The Energy Tax Credit for Replacement Windows and Doors (Section 25C of the International Energy Conservation Code) offers a tax credit to homeowners who remodel their home to make it more energy-efficient. The tax credit is given for such improvements as vinyl replacement windows, solar powered water heaters, and energy efficient garage doors. The tax credit covers 30 percent of the first $5,000 spent on qualified home improvements. That’s $1,500 back into your pocket. You can only claim it once in a two year period, so spend your money wisely in 2010 you can claim your tax credit on your federal income tax return.
When selecting your garage doors, you need to be sure that they are qualified for the tax credit. There are many varieties of garage door that qualify so you can shop around and select the one that best suits your needs. The tax credit generated by the stimulus legislation expires on Dec. 31, 2010.
In your selection process, there are some things you need to know about deciding on your new garage door. The R-value or U-factor, are measurements of the thermal efficiency of a door’s insulation. The higher the R-value or the lower the U-factor which means the more energy efficient the insulation. The tax credit is only available for garage doors with a minimum factor of 0.30 installed on a homeowner’s primary residence. You’ll get the most out of your insulated door by purchasing a garage door with a high R-value and low U-factor.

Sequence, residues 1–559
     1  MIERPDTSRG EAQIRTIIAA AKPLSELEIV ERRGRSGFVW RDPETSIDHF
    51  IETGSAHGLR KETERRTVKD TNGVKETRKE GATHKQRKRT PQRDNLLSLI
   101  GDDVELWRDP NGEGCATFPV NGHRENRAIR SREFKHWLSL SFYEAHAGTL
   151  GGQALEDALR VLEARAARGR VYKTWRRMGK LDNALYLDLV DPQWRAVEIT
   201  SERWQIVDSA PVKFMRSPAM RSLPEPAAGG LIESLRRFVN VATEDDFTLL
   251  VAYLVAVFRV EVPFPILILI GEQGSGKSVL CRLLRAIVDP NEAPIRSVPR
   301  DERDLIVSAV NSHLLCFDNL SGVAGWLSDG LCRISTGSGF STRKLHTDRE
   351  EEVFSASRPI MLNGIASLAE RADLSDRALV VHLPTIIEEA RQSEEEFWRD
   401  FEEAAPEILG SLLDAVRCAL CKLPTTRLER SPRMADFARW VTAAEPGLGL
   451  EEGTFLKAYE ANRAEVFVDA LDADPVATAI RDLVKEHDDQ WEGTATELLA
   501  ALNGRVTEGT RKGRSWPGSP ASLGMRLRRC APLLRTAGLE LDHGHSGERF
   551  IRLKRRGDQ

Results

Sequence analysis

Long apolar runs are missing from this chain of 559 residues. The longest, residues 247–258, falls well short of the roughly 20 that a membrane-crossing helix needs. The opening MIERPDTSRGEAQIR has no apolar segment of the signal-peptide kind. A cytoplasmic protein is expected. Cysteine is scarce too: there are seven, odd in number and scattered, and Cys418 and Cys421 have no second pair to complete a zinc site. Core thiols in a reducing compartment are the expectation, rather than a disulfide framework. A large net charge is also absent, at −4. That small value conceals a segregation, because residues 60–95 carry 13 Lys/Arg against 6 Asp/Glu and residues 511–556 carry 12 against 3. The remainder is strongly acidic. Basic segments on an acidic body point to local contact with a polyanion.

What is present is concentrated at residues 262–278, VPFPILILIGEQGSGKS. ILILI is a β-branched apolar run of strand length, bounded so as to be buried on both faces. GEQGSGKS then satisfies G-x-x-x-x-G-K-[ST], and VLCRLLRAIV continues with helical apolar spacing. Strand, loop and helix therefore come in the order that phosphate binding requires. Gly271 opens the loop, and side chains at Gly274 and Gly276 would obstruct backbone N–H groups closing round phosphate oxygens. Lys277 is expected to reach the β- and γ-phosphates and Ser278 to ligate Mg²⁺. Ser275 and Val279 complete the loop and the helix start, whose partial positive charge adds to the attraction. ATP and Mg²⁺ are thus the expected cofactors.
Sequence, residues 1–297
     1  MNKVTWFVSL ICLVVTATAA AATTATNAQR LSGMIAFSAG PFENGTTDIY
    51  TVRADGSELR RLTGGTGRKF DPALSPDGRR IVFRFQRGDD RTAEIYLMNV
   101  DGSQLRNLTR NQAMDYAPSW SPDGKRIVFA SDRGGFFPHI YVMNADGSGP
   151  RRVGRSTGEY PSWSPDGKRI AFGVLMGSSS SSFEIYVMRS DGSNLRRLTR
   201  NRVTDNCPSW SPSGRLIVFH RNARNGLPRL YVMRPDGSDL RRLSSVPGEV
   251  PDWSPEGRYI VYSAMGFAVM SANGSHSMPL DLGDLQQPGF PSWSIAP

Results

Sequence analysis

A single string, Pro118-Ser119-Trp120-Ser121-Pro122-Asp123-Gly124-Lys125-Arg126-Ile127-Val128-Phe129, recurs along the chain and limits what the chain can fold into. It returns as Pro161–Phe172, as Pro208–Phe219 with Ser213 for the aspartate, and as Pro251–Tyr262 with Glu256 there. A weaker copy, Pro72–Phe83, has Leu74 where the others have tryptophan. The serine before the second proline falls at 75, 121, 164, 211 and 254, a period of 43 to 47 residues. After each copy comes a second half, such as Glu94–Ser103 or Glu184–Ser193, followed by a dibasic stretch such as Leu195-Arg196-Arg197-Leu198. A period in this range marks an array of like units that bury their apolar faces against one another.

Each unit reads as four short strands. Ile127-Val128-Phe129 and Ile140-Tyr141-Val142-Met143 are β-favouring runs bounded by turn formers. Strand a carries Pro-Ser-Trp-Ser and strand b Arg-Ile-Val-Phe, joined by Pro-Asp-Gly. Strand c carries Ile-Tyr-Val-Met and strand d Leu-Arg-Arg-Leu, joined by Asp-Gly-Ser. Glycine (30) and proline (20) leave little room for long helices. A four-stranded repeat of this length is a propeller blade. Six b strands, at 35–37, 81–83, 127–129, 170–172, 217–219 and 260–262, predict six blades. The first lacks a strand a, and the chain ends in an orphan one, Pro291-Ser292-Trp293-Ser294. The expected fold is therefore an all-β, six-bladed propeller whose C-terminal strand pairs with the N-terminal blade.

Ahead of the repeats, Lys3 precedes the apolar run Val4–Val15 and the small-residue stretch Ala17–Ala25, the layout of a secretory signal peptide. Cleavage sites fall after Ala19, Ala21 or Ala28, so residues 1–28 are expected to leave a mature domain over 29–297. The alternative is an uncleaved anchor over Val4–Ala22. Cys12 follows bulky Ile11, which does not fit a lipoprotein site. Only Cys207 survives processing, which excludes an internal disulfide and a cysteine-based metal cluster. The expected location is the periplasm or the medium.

The garage door must also be attached to your primary home residence, be expected to remain in service for at least five years, the door perimeter must be able to control air infiltration, the door must be an insulated residential garage door installed on an insulated garage, and the door must be purchased and installed between January 1, 2009 and December 31, 2010. The manufacturer of the garage door will be able to provide you with a copy of the Manufacturer’s Certification, which is a certificate qualifying your door for the tax credit.
Replacing your garage door with an insulated door can reduce significant energy loss. Attached garages share one or two walls with the house, so in the winter it could be unnecessarily increasing your heating cost, and in the summer it could be increasing your air conditioning cost. An insulated garage door helps stabilize temperatures and avoid fluctuations from sharing common walls.